This is a practical module covering the critical elements of New Media Design, with a particular focus on its use in the web. Critical elements such as colour, images, audio, video and animation will be introduced and discussed, in addition to broader issues around usability and interaction. Processes to support effective design work will also be considered. You will gain hands-on experience of technologies used to manipulate New Media in a professional context. Such tools will be put into context with emerging paradigms, including new media for mobile platforms.
This module aims to equip students with fundamental knowledge and skills regarding the physical characteristics of people (body size, strength, flexibility, etc.) and environments (lighting, thermal, sound, etc.) as they relate to the design of products, workplaces and tasks/jobs. You will spend two hours in lectures per week when studying this module.
This module gives you a comprehensive overview of the principles of programming, including such concepts as procedural logic, variables, flow control, input and output and the analysis and design of programs. Instruction will be provided in an object-oriented programming language. You will spend around five hours per week in lectures and computer classes studying for this module.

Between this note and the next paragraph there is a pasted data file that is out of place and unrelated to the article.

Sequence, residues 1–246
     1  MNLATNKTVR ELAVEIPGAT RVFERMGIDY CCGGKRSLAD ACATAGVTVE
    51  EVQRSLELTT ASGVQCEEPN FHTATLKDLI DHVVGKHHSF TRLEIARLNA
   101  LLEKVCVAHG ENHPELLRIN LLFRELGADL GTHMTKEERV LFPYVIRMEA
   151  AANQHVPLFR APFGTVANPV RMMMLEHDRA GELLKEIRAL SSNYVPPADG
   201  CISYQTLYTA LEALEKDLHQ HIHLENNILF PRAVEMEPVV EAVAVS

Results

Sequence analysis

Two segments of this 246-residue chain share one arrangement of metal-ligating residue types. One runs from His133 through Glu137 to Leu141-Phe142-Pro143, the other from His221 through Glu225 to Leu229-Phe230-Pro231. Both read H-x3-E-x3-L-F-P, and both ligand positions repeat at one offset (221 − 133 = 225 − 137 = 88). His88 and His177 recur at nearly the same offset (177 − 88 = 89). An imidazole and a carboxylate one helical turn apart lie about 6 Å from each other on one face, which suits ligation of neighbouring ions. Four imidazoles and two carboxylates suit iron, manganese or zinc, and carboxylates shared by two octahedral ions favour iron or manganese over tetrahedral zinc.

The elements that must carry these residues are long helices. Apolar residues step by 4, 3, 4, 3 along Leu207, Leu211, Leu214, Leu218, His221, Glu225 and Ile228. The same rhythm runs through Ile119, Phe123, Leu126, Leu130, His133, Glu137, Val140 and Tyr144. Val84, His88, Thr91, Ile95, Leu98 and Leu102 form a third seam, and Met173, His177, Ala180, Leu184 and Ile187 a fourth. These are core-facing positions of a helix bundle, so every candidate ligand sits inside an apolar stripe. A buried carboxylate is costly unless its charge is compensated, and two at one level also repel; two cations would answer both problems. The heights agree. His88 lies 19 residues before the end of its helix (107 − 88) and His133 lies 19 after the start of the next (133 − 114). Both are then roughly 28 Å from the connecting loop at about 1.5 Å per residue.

Risk and Safety Science for Engineers
The module aims to give an understanding of risk, primarily in the context of safe systems but also in relation to major projects, investments and public and social systems. The potential causes of accidents and of human error are explained, and an introduction given to methods of reporting and investigating accidents and techniques for analysing accidents and systems reliability which will lead to the design of safer organisations and work systems. You will spend two hours in lectures each week when studying this module.
Simulation and Digital Human Modelling
This module aims to equip students with the knowledge and skills required to use digital human modelling and systems simulation approaches in human factors research and design/evaluation work. In addition, the module aims to provide students with an understanding of the fundamental assumptions upon which digital human modelling and simulation tools are based and their primary capabilities and limitations. You will spend two hours in lectures and two hours in practicals each week when studying this module.
Simulation for Decision Support